Sights for Sore Eyes

Posted September 14, 2016, under Inspired Ideas

The Secret Life of Walter Mitty (2013) is an amazing film. Not because of the preachy “go have insane adventures or you haven’t really lived” message — although, of course, that’s an idea to fire anyone’s imagination.

No, we don’t love it for the fairly predictable plot, or even because the soundtrack is teriffic — but because of gorgeous, lush cinematography and delightful uses of kinetic typography (animated, illustrative words on the screen). It’s part travelogue, part art house film.

Much of it set in Iceland, which we were astonished to discover is insanely beautiful. Via iExplore.

It’s easy to become blasé about the beauty we see or create daily. A film like this reminds us of how amazing the world is, and how even something as simple as a business card can — and should — be a work of art.

Considerable skill and craft go into catching and pleasing the eye, even for something as prosaic as an ad for a razor.

Photoshop Wizardry

Photoshop was truly a game-changer in the design world. A skilled user can create any number of fantastic — yet realistic — images, without the necessity of trained gorillas or obtaining waivers from models. (Click to embiggen.)

Traditional Photography

As technologies evolved, the role of photography has changed in the advertising world. Once, highly trained professionals were hired to take product photos to be used in ads. Today, the photos themselves are both ad and product.

Apple has a long-running “Shot by iPhone” campaign. The campaign shows what their latest smartphone is capable of, without ever showing the actual device. We encourage you to check that link out for some stunning visuals.

Like this one.

National Geographic has always used photography to broaden horizons and foster wanderlust. In addition to their staff contributors, they also have annual photography contests.

Are you kidding us with this? NatGeo is really good at its job.

Sometimes the campaigns even dovetail, with some NatGeo contributors specifically using iPhones to capture award-winning snaps.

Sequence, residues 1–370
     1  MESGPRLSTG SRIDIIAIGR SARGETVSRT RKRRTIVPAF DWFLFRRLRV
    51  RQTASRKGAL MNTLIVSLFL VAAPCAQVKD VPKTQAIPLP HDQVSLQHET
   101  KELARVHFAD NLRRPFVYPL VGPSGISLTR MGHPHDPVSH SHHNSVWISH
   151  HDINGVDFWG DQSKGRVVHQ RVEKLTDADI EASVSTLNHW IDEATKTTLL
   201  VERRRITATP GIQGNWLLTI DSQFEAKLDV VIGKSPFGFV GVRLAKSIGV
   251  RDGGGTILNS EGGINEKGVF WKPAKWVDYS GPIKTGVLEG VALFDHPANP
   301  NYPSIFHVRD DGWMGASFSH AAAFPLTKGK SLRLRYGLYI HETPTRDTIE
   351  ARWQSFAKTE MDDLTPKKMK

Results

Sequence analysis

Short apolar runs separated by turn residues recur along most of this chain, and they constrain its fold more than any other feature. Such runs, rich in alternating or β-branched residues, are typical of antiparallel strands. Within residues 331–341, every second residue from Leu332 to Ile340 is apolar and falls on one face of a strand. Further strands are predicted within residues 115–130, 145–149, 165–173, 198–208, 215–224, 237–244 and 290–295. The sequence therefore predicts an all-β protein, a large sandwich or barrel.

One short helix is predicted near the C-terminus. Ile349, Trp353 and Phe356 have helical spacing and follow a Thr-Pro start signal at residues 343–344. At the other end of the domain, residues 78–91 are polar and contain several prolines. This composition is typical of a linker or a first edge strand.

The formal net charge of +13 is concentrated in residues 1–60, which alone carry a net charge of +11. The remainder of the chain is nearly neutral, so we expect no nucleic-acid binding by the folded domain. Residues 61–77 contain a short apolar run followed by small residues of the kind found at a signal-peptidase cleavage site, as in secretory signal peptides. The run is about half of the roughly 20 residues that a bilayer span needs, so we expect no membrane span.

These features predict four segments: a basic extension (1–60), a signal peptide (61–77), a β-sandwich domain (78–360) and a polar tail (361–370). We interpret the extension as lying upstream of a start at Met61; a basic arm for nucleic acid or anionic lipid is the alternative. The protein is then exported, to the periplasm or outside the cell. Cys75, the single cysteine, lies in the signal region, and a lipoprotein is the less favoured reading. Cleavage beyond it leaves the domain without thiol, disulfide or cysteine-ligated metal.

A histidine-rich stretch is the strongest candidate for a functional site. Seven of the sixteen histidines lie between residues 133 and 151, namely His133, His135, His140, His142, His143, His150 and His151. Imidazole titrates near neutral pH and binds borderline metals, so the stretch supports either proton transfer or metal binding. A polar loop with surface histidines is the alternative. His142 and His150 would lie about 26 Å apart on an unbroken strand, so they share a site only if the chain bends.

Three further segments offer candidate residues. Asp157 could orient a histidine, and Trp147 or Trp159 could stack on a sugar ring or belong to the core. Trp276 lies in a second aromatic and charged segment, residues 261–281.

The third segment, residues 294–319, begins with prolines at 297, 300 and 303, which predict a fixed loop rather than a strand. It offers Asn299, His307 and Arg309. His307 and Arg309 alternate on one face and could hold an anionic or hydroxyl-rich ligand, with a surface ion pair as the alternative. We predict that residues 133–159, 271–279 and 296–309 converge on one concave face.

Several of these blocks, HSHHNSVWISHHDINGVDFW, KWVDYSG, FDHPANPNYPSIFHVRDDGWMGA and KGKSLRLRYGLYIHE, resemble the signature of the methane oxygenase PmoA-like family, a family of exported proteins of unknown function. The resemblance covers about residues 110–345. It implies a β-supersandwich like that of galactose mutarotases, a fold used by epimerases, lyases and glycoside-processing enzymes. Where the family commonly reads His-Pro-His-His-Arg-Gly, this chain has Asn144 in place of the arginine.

Paints, Various

Others make use of paint-based art — but perhaps with a twist, like body painter Guido Daniele, who specializes in painted hands. There is also a plethora of body-paint ads, many of which are decidedly not safe for work.

Others still, such as European eyeglasses purveyor Keloptic, opt to find more literal ways to incorporate painted art.


But paint, photography, or artful Photoshops aren’t the only way to create eye-catching, creative designs. One might also go for a pure typographic approach. The way Brawny and 7-11 have done, for example.

These are actually fairly tame examples; for some reason the really intricate, inventive stuff we found was all for nonprofits, about depressing subjects.

Or mix and match with every tool at your designer’s disposal, like VW did.

The point is, creativity and beauty are our lifeblood. All of us, not just designers. Like Walter Mitty at the beginning of the movie, we can get used to routines and accept restrictions. Sometimes that’s how it has to be: there may be stringent style requirements, or budgets only stretch so far. That doesn’t mean beautiful ads can’t still be created — but it’s nice to be reminded of what’s possible, outside the routine.

Rigney Graphics is a Pasadena graphic arts company that can help you create an impact with design and marketing solutions for print and web.